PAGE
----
A local whose intimation shaped contemporary art by Thony Aiuppy
While it is uncertain the roles in which Fisher played, financial or otherwise, it is undeniable the significance he played in the lived of the artists that participated in such a formidable art space. "The six-story, cast-iron-facade building was owned by Jeffrey Lew, who bought it with Rachel Wood, his wife at the time, as their home and studio. Many artists who gathered there had been cast upon the unpeopled shores of SoHo by the cultural tidal waves of 1968. Gordon Matta-Clark, who helped Mr. Lew open the ground floor and basement as an art gallery, was an architect who had been studying French literature at the Sorbonne. Richard Nonas was an anthropologist who came to art after working in the Mexican desert. Willoughby Sharp had been imbibing Meyer Schapiro’s Marxist modernism at Columbia." 
Robert Mapplethorpe, perhaps one of the most influential photographers of the 20th century, is severely indebted to the connecting prowess of Norman Fisher. His rise to stardom was not of his own doing since he was brought into the inner circle  that Fisher created in the 1970s through his apartment salon and his savvy demeanor. Mapplethorpe may never have had the access and intimate proximity that he had with such icons as Bowie, Richards, etc., photographing them and exhibiting his works at 112 Greene St. The same can be said for other artists including Cherry Vanilla  and Gordon Matta Clark.
Suffice it to say, Fisher was a friend to many of the artists that he came into contact with. Where he say potential and ingenuity, he became open handed in his support financially, emotionally, and critically. On occasion, Fisher would pay rent for artists or supply them with materials to do that next great thing. There are not so many types like him today, or even back then. Living in a sub cultural context necessitates the initiative of the influential. This influence can be seen in the personalized gifts that his artist friends endowed to Fisher, whether singed personally to him as with signed first copies by Ginsberg and Burroughs, or through the giving of preliminary drawing and other materials for larger works. This is an extraordinary collection held by this museum, exemplifying the character of an extraordinary figure in the history of Western Art.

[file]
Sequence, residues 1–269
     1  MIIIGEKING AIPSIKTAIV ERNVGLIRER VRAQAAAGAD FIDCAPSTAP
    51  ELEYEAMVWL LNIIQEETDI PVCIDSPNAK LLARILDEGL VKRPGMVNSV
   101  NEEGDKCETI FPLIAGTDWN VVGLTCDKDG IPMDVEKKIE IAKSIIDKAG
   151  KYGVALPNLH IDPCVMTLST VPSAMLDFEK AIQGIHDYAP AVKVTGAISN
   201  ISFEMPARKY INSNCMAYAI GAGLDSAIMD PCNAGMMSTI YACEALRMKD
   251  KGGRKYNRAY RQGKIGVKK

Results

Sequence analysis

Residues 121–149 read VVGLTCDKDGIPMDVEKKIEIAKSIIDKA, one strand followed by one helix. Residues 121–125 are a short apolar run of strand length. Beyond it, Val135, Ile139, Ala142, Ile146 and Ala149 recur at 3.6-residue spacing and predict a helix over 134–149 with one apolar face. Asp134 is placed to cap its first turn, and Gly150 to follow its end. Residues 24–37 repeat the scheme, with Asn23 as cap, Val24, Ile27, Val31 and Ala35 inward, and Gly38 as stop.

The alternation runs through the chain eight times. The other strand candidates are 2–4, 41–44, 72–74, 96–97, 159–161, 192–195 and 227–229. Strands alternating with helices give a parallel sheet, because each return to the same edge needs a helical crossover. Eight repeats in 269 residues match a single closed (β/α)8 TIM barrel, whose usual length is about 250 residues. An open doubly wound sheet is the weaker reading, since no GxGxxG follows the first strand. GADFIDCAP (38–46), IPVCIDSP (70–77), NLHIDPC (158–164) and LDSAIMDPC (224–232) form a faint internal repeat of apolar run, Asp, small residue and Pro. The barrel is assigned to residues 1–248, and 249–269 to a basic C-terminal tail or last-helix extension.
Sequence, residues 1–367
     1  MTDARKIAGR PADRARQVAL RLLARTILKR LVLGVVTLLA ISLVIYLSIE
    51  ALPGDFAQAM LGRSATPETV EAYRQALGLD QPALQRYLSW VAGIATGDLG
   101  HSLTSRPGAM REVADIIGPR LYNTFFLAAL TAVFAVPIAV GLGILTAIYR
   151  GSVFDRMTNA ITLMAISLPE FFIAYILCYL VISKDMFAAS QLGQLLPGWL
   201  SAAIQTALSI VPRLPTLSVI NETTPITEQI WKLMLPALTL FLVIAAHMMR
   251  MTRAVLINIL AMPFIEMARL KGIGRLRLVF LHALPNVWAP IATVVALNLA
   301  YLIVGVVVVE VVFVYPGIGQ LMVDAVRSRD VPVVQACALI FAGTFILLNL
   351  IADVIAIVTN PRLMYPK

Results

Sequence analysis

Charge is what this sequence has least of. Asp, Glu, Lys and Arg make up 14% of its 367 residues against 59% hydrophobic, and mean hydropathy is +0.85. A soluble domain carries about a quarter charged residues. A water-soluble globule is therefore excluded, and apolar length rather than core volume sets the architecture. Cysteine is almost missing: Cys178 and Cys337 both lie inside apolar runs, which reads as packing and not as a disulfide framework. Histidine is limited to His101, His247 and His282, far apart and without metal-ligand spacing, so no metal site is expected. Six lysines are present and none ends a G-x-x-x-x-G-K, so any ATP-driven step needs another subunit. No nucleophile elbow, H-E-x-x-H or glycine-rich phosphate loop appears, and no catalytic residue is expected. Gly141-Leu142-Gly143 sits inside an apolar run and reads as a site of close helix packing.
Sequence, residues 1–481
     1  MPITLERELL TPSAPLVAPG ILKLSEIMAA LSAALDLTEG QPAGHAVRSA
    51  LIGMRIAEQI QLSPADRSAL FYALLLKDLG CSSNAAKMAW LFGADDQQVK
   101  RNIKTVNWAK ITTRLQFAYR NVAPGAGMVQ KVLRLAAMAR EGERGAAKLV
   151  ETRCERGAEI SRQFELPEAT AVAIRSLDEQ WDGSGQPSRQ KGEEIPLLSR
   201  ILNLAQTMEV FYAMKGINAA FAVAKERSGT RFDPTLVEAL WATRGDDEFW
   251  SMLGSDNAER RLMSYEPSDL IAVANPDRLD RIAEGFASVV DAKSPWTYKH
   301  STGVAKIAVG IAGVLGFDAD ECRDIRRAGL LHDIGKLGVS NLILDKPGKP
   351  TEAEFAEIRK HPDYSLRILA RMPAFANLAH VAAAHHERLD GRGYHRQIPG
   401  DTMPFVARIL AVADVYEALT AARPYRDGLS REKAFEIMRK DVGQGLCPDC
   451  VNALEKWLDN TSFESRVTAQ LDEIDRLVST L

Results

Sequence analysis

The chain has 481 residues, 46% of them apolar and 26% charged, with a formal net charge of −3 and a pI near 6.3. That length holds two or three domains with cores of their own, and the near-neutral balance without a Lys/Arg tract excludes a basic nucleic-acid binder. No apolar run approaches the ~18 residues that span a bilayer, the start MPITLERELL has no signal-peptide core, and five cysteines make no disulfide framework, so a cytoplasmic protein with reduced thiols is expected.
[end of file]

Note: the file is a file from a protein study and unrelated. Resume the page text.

Article by Thony Aiuppy
1. Norman Fisher Catalog, p. 6
2. ibid, p.10
3. Randy Kennedy. "When SoHo Was Young ‘112 Greene Street: The Early Years,’ ’70s Art in SoHo." New York Times. http://www.nytimes.com/2012/07/26/books/112-greene-street-the-early-years-70s-art-in-soho.html
5. Patricia Morrisoe. Mapplethorpe:A Biography.
6. Cherry Vanilla. Lick Me:How I Became Cherry Vanilla.